The August 11, 1928 issue of The New Yorker had an interesting article about Tin Pan Alley songwriters.
Apparently, songwriters bore the responsibility of paying influential people to "plug" their songs. These people -- called "angles" -- tended to be radio singers who were allowed to choose the songs they wanted to perform; if a songwriter offered them thirty to fifty percent of the song's royalties, the radio singers would sing it.
Likewise, a songwriter could end up paying money to additional "angles" such as "jazz-band leaders, makers of phonograph records, movie-house program directors, and the like."
It's interesting that -- according to the article -- the music publishers used to be responsible for paying the angles, at that time usually vaudeville singers. But after theatre managers complained that the vaudeville shows were suffering from substandard material and constant repetition, the music publishers formed the Music Publishers Protective Association and vowed to stop the practice...which is why, by the 1920s, it was up to the writer to do the dirty work.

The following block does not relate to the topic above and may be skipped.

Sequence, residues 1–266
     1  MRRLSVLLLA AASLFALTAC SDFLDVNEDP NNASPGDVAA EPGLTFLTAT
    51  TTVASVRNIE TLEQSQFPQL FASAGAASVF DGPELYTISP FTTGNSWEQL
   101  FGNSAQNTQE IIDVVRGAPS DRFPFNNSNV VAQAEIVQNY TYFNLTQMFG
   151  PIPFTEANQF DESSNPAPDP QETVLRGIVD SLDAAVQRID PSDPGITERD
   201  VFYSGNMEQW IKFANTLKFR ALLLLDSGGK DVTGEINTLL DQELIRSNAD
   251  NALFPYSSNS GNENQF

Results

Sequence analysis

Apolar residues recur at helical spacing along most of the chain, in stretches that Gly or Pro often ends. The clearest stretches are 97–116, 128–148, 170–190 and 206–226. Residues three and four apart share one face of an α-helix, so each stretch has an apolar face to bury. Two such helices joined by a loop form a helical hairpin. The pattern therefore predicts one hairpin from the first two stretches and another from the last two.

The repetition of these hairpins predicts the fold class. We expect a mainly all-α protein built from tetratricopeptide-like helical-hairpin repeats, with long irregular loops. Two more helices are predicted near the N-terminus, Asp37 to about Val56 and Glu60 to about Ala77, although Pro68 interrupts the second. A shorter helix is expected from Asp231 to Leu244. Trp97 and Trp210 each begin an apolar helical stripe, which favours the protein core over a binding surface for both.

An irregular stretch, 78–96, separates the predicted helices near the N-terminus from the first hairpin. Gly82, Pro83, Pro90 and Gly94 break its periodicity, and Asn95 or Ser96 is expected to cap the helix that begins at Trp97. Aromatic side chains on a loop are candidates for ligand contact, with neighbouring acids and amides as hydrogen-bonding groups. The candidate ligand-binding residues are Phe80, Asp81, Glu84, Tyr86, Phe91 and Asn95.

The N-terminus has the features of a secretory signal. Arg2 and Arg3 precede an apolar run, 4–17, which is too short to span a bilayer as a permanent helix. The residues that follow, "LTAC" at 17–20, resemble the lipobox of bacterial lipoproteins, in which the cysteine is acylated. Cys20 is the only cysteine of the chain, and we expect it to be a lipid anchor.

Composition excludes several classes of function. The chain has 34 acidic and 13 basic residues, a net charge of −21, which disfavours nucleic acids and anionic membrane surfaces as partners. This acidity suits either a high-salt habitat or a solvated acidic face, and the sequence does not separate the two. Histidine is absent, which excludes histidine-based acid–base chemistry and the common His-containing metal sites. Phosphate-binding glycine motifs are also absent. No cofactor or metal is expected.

Compare this to the more modern practice of payola, in which music publishers get back into the game and pay DJs to play their songs.
Incidentally the article concludes by saying there were few successful female songwriters, and that the often-seen name "Mary Earl" was actually "a copyrighted pseudonym belonging to a firm of music publishers and is used on songs written by men."